site is periodically inspected for increased swelling or pain, altered tissue
sensation or perfusion, or skin ulceration or blister, The Plastic Surgery
service is consulted immediately if a patient develops these signs or symptoms.
In addition, Plastic Surgery consultation is also requested for any
extravasated volume estimated to exceed the arbitrarily chosen threshold
volumes of 30 ml of conventional ionic and 100 ml of nonionic contrast media.
The radiologist should notify a referring physician whenever the volume of
extravasation contrast material is > 5 ml.
If patient symptoms are mild and do not worsen over time,
the patient can be discharged after two to four hours. This can be done even if
large volume extravasations have occurred (after Plastic Surgery has been
consulted). The patient is given a telephone number to call if his or her
status changes. A physician or nurse also phones the patient daily until signs
and symptoms have completely disappeared. During these telephone calls the
patient is asked whether his or her pain is increasing, and whether there is
any blistering, ulceration, color, temperature, or consistency change at the
injured area. If the patient answers affirmatively to any of these questions,
he or she may be asked to return to the hospital for further evaluation.
Documentation of this entire process is required. A contrast extravasation
report form is complete by the physician, nurse, and/or technologist who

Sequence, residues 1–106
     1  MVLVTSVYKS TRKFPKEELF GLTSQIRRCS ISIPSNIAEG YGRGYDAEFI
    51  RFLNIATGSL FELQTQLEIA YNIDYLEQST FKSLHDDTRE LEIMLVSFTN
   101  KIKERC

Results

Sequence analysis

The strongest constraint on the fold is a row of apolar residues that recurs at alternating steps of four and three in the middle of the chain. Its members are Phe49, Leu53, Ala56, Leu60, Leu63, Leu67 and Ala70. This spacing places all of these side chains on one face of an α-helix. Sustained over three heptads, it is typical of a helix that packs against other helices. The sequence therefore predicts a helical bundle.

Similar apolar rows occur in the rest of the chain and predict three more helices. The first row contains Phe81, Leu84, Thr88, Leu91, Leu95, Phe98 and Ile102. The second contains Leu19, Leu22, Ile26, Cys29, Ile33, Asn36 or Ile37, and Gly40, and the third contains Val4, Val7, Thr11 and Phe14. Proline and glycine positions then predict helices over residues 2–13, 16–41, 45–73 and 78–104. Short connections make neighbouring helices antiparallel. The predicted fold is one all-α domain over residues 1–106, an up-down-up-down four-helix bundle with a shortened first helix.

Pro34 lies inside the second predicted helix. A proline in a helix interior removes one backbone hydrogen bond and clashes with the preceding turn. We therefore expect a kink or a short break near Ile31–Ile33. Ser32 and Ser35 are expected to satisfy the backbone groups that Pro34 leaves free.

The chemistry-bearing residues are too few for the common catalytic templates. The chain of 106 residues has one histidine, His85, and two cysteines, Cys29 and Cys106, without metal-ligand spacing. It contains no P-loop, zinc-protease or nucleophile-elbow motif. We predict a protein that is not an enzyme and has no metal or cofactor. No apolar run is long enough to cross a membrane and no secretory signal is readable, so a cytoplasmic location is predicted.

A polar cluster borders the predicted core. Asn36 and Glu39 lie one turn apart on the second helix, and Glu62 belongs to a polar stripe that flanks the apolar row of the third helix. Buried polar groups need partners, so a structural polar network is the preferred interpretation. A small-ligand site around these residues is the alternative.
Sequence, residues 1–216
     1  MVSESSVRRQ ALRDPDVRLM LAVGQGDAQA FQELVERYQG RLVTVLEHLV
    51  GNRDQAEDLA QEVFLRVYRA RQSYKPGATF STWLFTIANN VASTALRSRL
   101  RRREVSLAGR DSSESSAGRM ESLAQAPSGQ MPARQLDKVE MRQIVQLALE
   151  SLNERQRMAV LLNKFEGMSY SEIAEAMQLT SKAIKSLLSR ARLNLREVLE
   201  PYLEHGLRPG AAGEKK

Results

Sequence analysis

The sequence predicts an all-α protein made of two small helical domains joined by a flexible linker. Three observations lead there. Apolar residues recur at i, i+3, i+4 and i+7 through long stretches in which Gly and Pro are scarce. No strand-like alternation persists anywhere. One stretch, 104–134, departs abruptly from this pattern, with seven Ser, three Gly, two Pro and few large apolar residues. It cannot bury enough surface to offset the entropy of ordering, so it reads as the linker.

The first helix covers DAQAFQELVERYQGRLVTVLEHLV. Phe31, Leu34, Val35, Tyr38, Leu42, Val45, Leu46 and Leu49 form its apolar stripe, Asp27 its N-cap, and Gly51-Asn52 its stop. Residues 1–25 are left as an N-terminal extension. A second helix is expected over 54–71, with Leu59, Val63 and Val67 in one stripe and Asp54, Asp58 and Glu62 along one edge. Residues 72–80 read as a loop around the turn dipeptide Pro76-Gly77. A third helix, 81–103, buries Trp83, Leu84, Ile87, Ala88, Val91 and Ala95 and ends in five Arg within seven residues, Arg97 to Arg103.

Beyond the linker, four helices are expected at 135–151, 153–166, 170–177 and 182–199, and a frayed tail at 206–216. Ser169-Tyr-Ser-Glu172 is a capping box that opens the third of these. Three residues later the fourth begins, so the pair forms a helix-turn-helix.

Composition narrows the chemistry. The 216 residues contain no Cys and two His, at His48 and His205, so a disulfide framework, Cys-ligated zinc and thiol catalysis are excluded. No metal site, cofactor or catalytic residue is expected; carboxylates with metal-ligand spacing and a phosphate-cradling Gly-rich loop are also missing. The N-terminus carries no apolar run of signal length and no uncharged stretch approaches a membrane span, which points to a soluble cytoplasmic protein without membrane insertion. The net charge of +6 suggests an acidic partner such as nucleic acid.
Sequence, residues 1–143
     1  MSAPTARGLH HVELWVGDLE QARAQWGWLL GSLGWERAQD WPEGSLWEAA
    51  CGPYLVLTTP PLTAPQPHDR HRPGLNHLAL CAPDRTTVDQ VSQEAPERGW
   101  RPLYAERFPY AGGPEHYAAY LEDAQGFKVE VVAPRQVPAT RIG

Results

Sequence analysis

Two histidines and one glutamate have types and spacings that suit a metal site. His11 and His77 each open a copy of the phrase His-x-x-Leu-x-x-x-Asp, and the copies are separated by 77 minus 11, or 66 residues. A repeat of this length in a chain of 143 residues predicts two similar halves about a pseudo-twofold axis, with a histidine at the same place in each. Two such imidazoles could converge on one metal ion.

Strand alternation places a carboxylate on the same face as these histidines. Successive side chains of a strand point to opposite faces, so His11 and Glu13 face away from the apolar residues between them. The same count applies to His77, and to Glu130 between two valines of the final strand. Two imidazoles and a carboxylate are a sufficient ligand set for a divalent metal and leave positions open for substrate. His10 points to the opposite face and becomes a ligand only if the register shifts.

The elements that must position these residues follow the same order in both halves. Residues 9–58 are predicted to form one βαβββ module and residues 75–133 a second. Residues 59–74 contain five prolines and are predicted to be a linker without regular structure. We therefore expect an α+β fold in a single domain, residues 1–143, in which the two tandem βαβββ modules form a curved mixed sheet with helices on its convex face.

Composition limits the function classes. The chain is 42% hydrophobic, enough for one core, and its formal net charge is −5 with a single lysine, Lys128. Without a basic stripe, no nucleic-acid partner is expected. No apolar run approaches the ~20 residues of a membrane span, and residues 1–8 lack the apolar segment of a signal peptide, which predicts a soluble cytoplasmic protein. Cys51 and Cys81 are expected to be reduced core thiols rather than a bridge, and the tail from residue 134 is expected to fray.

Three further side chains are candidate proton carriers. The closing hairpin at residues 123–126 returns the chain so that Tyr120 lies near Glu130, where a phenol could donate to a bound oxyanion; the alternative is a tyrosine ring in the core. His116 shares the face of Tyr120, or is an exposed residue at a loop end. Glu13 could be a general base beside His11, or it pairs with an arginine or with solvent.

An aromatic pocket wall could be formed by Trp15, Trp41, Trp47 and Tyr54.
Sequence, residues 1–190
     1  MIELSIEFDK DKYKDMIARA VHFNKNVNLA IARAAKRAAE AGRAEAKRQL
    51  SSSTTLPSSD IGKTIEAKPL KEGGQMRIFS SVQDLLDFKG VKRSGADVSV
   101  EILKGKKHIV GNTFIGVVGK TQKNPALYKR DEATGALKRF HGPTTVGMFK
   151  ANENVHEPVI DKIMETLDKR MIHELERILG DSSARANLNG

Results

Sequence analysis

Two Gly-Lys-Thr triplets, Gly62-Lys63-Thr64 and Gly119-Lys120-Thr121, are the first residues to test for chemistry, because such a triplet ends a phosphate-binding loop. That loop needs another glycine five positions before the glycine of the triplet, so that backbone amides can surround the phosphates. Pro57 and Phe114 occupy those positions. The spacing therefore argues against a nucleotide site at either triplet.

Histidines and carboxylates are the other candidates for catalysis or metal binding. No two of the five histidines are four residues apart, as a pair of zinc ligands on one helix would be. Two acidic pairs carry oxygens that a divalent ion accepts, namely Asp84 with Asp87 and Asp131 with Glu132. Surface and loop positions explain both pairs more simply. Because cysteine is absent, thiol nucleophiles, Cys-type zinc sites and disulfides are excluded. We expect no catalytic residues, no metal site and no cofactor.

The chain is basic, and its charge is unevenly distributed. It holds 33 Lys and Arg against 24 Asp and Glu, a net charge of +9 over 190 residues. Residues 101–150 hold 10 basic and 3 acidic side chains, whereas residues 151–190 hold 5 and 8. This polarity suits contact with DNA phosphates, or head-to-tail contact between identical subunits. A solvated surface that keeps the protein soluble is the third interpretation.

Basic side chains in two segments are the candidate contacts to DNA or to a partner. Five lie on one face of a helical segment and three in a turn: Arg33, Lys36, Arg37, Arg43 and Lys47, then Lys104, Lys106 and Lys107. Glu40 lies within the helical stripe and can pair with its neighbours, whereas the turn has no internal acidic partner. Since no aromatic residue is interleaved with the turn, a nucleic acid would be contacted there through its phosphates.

witnesses the extravasation. The information collected during follow-up
telephone calls is recorded on an additional sheet of paper (which also lists
the questions that the calling nurse or radiologist is expected to ask). This
sheet of paper is then added to the patient’s medical record.
of MR Contrast agents: Animal studies have demonstrated that
gadopentetate dimeglumine, the most widely used MR contrast agent, is capable
of producing skin ulceration and necrosis [8,9], although it is better
tolerated than conventional ionic radiographic contrast media. Since lower
volumes of MR agents (in comparison with iodinated contrast media) are usually
injected, serous injuries resulting from extravascular injections of
gadopentetate should be much less frequent than injuries after extravasation of
iodinated radiographic contrast media.
1. Bullard MA, Cohan RH, Ellis JH, Jan SH, Francis IR, Dunnick NR.
Extravasation of intravenous contrast material: incidence,
outcome. Academic Radiol 1997; 4:711-718.
2. Federle MP, Chang PJ, Confer S, Ozgun B. Frequency and effects of
extravasation of ionic and nonionic CT contrast media during rapid bolus
injection. Radiology 1998; 206:637-640.
3. Jacobs JE, Bimbaum BA, Langlotz CP. Contrast media reactions and
extravasation: relationship to intravenous injection rates. Radiology 1998;
4. Cohan RH, Ellis JH, Garner WM. Extravasation of radiographic contrast
material: recognition, prevention, and treatment. Radiology 1996; 200: 593-604.
5. Pond GD, Dorr RT, McAleese KA.
Skin ulceration from extravasation of low-osmolality contrast medium: a
complication of automation. AJR 1992; 158: 915-916.
6. Memolo M, Dyer R, Zagoria RJ. Extravasation injury with nonionic
contrast material. AJR 1993; 160: 203.
7. Young RA. Injury due to extravasation of nonionic contrast material
(letter). AJR 1994; 162: 1499.
8. McAlister WH, McAlister VI, Kissane JM. The effect of GD-dimeglumine on
subcutaneous tissues; a study with rats. AJNR 1990; 11:325-327.
9. Cohan RH, Leder RA, Herzberg AJ, Hedlund LW, Wheeler CT, Beam CA, Nadel
SN, Dunnick NR. Extravascular toxicity of two magnetic resonance contrast
agents: preliminary experience in the rat. Invest Radiol 1991; 26: 224-226.